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Taxonomy of Birds: Parts Is Parts

by Robin Tuck
July 1997

One of the keys to organizing knowledge about birds is to determine what parts make up the bird, then lump together all the birds whose parts have common attributes. This has been done, resulting in the current bird classifications now in use, and makes up the study of Ornithology.

Our understanding of birds grows when we learn the names of these parts and the attributes that cause birds to be lumped together. All of us pretty much understand "what makes a bird a bird": with a few exceptions, they have feathers and can fly. As we follow the classification down from "Avis" to the individual species, the details that separate one bird from another become more specific. We use these specific differences to identify particular birds.

To get better at identifying birds we need to know bird parts and attribute names. When we say "it has rufous coverts," we don’t know anything if we aren’t sure what "coverts" are or what "rufous" means.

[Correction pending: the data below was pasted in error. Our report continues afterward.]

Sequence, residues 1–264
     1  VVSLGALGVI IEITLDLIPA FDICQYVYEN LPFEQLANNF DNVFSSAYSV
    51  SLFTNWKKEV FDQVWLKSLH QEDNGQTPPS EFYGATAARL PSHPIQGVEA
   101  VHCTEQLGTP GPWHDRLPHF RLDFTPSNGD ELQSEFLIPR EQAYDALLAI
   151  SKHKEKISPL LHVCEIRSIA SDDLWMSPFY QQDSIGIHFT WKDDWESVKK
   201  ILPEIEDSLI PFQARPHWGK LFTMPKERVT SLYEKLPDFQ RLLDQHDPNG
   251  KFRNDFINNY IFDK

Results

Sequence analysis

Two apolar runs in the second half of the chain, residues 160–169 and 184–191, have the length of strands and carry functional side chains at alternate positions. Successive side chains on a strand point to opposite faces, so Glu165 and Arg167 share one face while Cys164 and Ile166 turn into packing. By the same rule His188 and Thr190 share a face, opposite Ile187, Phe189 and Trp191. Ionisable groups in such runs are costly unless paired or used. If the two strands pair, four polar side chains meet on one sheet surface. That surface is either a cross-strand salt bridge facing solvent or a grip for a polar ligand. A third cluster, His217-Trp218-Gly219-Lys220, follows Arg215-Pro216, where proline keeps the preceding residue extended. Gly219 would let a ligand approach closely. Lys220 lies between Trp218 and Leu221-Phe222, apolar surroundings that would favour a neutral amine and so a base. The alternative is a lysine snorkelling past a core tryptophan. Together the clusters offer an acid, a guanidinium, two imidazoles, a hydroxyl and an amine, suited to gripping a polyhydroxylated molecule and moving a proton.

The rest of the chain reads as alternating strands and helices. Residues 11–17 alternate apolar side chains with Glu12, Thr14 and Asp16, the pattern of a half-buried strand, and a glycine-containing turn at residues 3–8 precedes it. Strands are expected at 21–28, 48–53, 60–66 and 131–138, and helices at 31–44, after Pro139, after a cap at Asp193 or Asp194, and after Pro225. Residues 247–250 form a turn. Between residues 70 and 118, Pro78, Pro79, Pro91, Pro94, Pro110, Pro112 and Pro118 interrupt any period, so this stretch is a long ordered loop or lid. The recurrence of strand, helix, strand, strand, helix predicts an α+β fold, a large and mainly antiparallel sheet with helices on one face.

There are general names for the different bird parts that we should learn. The generalized bird drawing below (obtained from a birding page on the Internet at the Peterson Online web site) shows the major parts. Scan through these names and become familiar with them.

Most of the part names make sense from our knowledge of the words in other contexts, but some of them are new, such as "coverts" mentioned above. Be sure to examine exactly what part of the bird the name describes. I have seldom been more embarrassed than when using a bird part name incorrectly conversing with one of my expert birding friends.